In 1861, German scholar Johann Georg Theodor Graesse (1814-1885) published the first edition of the Orbis Latinus, a Latin-German dictionary of Latin place names. The dictionary is now in its fourth edition, and can be viewed online though the Bavarian State LibraryExternal. (Click the EN in the top right corner by the search in order to read the introduction in English rather than German).

For those who would rather not use the German edition, a more user-friendly database is available on the website for the Rare Book and Manuscripts Section of the Association of College and Research Library (RBMS): RBMS/BSC Latin Place Names FileExternal.

William Cuningham The cosmographical glasse, conteinyng the pleasant principles of cosmographie, geographie, hydrographie, or nauigation. [London] : Excussum Londini in officina Ioan. Day typographi, anno 1559. Library of Congress Rare Book & Special Collections Division.
Douglas Graham, photographer. [Library of Congress - card catalogs]. [14 May 1997]. Library of Congress Prints & Photographs Division.

What are the three parts of Library of Congress online catalog record?

  1. Bibliographic Record: The bibliographic record provides information for the publication. For printed material, the information provided in this area of the record is based on the ideal copy. The bibliographic information is contained on the top portion of the record.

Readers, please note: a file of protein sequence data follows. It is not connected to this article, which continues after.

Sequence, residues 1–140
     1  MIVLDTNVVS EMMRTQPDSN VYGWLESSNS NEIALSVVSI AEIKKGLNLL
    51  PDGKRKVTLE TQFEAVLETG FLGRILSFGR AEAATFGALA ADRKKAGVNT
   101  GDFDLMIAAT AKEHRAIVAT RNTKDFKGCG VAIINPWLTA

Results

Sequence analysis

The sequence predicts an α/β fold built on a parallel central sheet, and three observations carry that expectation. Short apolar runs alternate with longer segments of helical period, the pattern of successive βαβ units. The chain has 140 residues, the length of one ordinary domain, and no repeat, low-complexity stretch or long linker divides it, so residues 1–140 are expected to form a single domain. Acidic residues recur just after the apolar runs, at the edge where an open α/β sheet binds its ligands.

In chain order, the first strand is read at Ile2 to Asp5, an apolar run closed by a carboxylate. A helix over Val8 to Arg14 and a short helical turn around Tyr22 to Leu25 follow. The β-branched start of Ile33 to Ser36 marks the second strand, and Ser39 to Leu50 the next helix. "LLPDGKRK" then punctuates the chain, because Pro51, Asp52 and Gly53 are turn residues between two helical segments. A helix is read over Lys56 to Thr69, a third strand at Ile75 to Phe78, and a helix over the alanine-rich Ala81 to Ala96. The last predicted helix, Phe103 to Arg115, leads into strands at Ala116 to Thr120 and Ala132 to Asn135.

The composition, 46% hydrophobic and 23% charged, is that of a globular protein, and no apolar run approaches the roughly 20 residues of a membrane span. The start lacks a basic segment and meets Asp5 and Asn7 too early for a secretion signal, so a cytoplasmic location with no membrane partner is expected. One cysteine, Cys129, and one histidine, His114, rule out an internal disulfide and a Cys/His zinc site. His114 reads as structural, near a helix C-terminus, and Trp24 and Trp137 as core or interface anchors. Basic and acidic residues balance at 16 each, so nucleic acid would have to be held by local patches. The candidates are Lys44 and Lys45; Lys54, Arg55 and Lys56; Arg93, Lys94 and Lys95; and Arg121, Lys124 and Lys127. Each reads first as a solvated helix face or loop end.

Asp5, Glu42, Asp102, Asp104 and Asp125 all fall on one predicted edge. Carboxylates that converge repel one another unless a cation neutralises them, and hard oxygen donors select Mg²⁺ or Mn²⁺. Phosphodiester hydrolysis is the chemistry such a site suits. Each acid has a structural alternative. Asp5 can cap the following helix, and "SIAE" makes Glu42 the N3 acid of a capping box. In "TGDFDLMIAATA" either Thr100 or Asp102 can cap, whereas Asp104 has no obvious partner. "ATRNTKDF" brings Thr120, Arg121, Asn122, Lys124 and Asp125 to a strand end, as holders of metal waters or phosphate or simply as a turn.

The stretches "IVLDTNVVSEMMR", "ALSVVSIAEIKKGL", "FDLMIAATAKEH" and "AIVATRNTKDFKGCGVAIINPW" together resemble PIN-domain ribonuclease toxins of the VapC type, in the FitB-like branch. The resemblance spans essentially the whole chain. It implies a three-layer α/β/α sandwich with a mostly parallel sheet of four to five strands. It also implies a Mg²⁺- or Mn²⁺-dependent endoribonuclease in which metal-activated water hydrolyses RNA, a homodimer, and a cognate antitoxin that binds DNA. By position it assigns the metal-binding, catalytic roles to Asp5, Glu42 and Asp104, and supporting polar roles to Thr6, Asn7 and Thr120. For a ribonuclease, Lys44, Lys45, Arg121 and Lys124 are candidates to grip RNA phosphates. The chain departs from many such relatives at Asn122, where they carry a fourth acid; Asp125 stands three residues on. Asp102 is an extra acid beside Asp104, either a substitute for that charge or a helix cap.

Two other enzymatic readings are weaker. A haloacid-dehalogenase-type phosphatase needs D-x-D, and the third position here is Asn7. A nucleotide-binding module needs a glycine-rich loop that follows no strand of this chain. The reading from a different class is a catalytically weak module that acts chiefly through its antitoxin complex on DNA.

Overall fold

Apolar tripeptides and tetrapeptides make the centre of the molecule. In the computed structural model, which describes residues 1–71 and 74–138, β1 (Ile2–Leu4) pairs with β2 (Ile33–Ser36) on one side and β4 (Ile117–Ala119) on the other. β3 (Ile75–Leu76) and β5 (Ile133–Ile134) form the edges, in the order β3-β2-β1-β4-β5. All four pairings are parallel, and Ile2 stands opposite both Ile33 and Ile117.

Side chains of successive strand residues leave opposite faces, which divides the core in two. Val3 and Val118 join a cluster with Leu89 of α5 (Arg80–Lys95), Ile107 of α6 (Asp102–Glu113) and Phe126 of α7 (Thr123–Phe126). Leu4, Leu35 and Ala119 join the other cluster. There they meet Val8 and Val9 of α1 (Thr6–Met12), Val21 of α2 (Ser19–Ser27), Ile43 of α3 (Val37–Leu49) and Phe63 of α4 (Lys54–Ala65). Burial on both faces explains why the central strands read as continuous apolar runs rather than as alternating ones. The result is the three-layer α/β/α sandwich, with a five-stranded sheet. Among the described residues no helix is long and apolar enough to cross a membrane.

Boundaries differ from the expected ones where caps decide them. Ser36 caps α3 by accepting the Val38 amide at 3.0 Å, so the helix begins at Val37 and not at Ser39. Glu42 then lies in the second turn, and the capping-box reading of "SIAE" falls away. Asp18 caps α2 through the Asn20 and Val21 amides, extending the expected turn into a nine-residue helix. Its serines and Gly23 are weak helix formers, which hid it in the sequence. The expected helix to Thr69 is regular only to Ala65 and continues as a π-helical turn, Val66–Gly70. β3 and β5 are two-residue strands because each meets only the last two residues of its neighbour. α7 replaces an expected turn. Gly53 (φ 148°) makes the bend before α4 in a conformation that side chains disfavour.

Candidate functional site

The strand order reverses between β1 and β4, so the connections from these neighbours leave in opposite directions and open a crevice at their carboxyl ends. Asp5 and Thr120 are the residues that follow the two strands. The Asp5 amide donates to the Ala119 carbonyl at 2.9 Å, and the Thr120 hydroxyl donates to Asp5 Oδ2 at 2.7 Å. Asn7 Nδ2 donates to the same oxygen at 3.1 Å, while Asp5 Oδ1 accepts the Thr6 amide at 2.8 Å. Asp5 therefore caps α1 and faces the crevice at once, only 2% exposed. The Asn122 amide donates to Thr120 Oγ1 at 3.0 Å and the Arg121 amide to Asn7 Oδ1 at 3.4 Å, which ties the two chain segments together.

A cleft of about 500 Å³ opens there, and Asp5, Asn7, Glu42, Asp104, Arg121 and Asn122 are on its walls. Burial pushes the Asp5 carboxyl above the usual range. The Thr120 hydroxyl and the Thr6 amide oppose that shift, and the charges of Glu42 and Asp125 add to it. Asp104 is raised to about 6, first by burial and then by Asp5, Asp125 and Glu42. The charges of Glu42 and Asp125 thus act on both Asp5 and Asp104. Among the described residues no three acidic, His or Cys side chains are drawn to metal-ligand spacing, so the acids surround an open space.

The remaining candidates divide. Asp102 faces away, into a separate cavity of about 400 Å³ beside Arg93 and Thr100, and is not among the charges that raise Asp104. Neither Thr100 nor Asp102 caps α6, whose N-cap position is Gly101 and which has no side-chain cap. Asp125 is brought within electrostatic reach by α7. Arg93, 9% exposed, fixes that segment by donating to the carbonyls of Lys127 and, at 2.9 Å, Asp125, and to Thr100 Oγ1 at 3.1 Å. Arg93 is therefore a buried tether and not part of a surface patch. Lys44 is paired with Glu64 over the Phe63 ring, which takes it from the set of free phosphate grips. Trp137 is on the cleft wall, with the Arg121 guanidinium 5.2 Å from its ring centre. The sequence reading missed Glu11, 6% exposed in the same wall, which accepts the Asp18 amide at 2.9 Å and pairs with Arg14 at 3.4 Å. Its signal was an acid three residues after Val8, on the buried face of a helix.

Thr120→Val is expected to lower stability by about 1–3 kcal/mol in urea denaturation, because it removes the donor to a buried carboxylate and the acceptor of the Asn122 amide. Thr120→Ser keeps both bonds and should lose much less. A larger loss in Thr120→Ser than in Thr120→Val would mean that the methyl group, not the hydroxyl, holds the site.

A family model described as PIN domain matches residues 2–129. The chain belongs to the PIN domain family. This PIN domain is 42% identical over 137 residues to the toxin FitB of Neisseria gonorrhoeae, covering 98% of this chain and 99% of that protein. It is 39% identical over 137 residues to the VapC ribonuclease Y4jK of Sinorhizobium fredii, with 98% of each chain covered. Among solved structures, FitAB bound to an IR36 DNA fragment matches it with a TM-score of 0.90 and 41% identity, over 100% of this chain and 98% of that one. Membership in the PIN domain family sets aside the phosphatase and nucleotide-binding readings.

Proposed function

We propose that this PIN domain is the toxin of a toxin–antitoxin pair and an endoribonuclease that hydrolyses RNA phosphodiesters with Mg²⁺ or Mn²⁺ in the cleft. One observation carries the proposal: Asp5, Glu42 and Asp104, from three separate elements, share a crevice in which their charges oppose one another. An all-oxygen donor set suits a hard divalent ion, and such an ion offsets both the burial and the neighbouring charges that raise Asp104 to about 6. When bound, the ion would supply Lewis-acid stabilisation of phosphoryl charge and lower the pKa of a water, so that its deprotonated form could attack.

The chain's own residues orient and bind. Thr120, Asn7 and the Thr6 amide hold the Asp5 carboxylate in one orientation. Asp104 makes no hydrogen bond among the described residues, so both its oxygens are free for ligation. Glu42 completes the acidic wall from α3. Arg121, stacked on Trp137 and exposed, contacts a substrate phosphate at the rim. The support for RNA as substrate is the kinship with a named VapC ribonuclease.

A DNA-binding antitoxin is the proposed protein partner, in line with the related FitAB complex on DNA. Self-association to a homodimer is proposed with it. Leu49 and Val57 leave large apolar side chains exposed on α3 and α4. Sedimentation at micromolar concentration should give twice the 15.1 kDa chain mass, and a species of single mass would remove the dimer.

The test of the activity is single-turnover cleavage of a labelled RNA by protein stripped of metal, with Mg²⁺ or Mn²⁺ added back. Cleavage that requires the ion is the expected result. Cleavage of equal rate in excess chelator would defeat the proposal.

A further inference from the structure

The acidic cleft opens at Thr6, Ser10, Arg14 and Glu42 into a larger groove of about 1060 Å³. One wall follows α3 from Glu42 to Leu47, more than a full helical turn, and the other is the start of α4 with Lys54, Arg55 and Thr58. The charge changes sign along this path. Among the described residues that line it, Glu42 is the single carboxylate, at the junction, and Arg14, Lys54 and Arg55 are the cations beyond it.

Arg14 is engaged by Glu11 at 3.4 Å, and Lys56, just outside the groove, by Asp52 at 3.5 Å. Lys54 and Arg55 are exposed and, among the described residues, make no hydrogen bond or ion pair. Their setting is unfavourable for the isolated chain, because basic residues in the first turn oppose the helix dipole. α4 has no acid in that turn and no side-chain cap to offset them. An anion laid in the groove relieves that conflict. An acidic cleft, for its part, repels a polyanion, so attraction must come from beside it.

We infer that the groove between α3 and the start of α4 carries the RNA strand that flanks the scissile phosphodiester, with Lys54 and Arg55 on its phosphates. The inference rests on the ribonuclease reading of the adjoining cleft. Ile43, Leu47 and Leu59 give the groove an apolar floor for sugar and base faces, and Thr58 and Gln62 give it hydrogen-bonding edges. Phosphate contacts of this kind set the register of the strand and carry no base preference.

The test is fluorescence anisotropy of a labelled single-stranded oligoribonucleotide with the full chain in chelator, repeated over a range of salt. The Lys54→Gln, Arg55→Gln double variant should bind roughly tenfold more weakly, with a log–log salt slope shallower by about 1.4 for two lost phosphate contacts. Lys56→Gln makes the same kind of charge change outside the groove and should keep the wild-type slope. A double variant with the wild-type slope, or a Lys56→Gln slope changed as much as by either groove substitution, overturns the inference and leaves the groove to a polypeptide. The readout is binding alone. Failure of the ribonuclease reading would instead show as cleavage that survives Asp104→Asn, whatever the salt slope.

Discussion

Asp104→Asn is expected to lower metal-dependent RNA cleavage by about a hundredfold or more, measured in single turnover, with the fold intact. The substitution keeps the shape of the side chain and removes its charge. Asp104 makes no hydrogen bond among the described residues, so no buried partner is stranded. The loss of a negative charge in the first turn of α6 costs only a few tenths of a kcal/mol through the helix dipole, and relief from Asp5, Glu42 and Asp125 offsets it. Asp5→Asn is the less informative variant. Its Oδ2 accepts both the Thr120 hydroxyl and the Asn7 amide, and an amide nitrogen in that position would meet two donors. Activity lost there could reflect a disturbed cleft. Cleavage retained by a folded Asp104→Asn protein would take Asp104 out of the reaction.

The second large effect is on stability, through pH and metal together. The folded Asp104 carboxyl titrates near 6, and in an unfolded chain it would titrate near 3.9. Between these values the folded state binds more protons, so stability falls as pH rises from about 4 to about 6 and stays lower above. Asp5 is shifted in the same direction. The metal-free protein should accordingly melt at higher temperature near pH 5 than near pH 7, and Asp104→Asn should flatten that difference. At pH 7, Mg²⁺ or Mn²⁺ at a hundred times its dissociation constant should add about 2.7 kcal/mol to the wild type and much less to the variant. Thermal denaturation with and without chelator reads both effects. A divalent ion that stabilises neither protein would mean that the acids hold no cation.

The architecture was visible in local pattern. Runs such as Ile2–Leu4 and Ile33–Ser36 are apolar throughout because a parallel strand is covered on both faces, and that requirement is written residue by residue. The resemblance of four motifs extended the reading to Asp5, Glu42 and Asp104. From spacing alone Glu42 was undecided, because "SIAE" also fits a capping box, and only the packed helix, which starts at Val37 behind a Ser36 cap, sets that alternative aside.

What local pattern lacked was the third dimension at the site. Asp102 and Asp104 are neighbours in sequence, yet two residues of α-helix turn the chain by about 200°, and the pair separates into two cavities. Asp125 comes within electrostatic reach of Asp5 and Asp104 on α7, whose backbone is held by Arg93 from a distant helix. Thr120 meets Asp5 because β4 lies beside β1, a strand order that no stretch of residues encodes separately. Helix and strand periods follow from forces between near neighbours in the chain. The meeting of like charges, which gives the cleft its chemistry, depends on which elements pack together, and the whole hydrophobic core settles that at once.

2. Holdings Record: The holdings record provides information about a particular copy. Most importantly, this is the section of the bibliographic record that indicates where in the Library an item is located. In such a large library, where it can take a researcher fifteen minutes to get from one Reading Room to another, the holdings record is a very important section to pay attention to. This information is contained at the bottom of the record under ITEM AVAILABILITY. This is a very important section to review prior to making an onsite visit to the Reading Room. As an example this record indicates the item is located in the Rare Book and Special Collections Division (LJ-239). All material located in the Rare Book and Special Collections Division should have a holdings record that looks just like this, and the image at the top of this page.
  3. Item Record: This portion of the record indicates the specific number of copies, issues, or years in the Library of Congress' holdings. The Library of Congress may have a particular journal title, but perhaps only from three of the six years that it was issued. In this record, the item records indicate that the Library of Congress, and specifically the Rare Book and Special Collections Division, has two copies of the same publication from two different collections. When requesting these items, a researcher should look at the call number provided in this lower section and be able to differentiate between the Copy 1 and Copy 2.

A Word of Caution: A researcher whose work involves specific issues, editions, or volumes of a particular title is encouraged to contact the Reading Room Staff prior to their visit and make certain that the particular volume required is on shelf and available to be served. Send a query through the Ask-A-Librarian services at any time.